XVIII.29 On the national assemblies of the Franks

, par Stewart

We have said above that peoples who do not till the land enjoyed great freedom. This was the case for the Germans. Tacitus says that they gave their kings or chefs only very limited power, [1] and Cæsar that they had no common magistrate in peacetime, but that in each village the princes dispensed justice among their subjects. [2] Indeed, the Franks in Germania had no king, as Gregory of Tours proves quite well. [3]

“The princes,” says Tacitus, “deliberate on the petty things, and the whole nation on the great ones, in such a way, however, that the affairs of which the people become informed are likewise taken before the princes.” [4] This practice was maintained after the conquest, as we see in all the records. [5]

Tacitus says that capital crimes could be taken before the assembly. [6] The same was true after the conquest, and the great vassals were judged there.


[1Nec Regibus libera aut infinita potestas. […] Cæterum neque animadvertere, neque vincire, ne verberare quidem […]. [‘These kings have not unlimited or arbitrary power. [...] But to reprimand, to imprison, even to flog [...], etc.’] (De moribus Germanorum [ch. vii].)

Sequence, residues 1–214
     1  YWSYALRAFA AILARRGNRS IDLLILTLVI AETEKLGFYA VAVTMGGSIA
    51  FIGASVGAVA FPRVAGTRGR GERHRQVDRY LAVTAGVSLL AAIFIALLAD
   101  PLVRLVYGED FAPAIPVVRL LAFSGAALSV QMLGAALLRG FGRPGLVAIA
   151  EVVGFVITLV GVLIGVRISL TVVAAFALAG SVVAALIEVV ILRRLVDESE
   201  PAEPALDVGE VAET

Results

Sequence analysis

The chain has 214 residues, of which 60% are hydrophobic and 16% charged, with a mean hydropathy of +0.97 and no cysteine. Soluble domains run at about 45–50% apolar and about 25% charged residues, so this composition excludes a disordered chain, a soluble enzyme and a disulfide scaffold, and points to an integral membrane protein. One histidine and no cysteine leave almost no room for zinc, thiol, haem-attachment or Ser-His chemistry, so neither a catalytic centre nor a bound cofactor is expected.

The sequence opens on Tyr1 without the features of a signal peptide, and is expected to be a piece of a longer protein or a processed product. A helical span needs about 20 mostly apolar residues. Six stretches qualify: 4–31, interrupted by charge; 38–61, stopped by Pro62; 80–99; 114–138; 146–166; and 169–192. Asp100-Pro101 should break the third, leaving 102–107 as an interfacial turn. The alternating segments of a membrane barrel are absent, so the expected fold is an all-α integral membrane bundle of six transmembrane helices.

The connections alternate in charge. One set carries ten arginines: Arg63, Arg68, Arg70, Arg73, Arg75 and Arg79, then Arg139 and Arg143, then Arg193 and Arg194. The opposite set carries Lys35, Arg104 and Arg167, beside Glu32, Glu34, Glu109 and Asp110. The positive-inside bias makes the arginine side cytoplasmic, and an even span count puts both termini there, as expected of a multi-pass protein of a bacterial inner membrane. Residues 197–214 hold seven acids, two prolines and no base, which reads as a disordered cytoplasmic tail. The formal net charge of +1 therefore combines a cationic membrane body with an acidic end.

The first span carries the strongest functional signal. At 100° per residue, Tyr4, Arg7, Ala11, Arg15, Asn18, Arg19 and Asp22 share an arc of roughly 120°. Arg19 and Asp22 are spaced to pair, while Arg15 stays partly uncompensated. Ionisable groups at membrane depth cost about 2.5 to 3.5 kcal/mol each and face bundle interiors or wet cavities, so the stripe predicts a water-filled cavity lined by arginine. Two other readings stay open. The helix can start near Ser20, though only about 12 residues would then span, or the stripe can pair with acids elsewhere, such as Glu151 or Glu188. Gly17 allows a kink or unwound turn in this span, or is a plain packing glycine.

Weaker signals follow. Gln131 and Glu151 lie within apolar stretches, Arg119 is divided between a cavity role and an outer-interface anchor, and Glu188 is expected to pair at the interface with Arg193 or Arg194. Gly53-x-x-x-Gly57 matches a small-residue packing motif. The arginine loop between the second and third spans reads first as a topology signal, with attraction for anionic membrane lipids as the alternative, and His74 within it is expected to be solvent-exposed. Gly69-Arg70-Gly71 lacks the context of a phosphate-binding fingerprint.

[2In pace nullus est communis magistratus, sed principes regionum atque pagorum inter suos jus dicunt (De bello Gallico, book VI) [see same quotation in XII.6].

[3Book II.

[4De minoribus principes consultant, de majoribus omnes ; ita tamen ut ea quorum penes plebem arbitrium est, apud principes pertractentur (De moribus Germanorum [ch. xi].)

[5Lex consensu populi fit et constitutione regis (Capitularies of Charles the Bald, year 864, art. 6).

[6Licet apud Concilium accusare et discrimen capitis intendere (De moribus Germanorum [ch. xi]).